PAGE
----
In need of hope.

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church0333
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Joined: 26 Aug 2012, 17:41
Location: Springfield OR

Re: In need of hope.

Post by church0333 » 22 May 2013, 02:09

As a mother of three I am sure you feel a great love and a longing to protect your children. Magnify that love by what ever you think God's love might be and you will find that that God doesn't want to see anyone left out and think what it would take for you to kick your kids out of the house. I envision people not returning back to God only when that person chooses to not having that relationship. I know for me I will always welcome my kids home (and they a far from perfect) as long as they are trying to be nice and respectful. They can be gay, not involved in the church, have tattoos, even a little crazy.

As far as church goes, cut back if you need to or if you are like me and go because you like church and the ward family and have obligations to go for you kids or at least want some of the good thing about church to be part of their lives, then go with the attitude of how can I make church better for people like yourself. As Elder Holland said in his talk at GC, we don't have to pretend to faith we do not have, so don't. I would also say if we want to be accepted then we also need to accept other with all their beliefs and issues.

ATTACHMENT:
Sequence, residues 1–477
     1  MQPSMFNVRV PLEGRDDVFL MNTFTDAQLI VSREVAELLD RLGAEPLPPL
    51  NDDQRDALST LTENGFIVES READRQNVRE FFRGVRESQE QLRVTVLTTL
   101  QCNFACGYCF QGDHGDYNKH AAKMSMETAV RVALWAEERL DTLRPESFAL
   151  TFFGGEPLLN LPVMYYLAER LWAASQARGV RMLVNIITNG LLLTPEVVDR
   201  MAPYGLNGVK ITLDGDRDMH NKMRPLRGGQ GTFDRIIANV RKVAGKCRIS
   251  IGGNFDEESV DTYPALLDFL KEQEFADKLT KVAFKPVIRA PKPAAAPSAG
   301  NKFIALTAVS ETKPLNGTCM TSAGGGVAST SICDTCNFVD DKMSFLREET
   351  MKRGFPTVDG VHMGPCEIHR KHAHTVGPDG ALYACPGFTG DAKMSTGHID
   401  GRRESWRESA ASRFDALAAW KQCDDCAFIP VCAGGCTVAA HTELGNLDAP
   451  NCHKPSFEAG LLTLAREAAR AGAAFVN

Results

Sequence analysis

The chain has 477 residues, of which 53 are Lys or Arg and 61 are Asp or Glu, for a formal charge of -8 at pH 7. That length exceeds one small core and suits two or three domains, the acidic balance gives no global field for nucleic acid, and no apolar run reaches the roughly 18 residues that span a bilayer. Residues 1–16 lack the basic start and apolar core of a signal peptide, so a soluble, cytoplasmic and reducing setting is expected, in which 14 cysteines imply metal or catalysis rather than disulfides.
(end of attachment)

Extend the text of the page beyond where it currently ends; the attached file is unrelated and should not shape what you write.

pentium3
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Joined: 20 May 2013, 12:44

Re: In need of hope.

Post by pentium3 » 22 May 2013, 08:48

so when you hear things in church that don't fit with the kind of perfect love that God would possess, have confidence that divine love is greater than doctrine.
That feels right to me. When I focus on my faith in God I do feel much more at peace than when I focus on what I hear at church. I do hear lots' of good at church too, I will work on focusing on what is uplifting...and then teach my children to do the same.

Roy ,thank you for sharing the experience you had with going to God with your concern about your baby, and eternal family's. There is so much that we don't know, I'm so glad you were able to take your questions to God and find an answer that brought you peace...experiences like that help keep me going when I'm feeling spiritually low.

pentium3

Roy
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Location: Pacific Northwest

Re: In need of hope.

Post by Roy » 22 May 2013, 09:14

I forgot to give a link to Faces East. Faces East is a support site for spouses of people in faith crisis. Depending on where you are in your faith journey - they might be right up your alley.

http://www.faceseast.org/forum/
"It is not so much the pain and suffering of life which crushes the individual as it is its meaninglessness and hopelessness." C. A. Elwood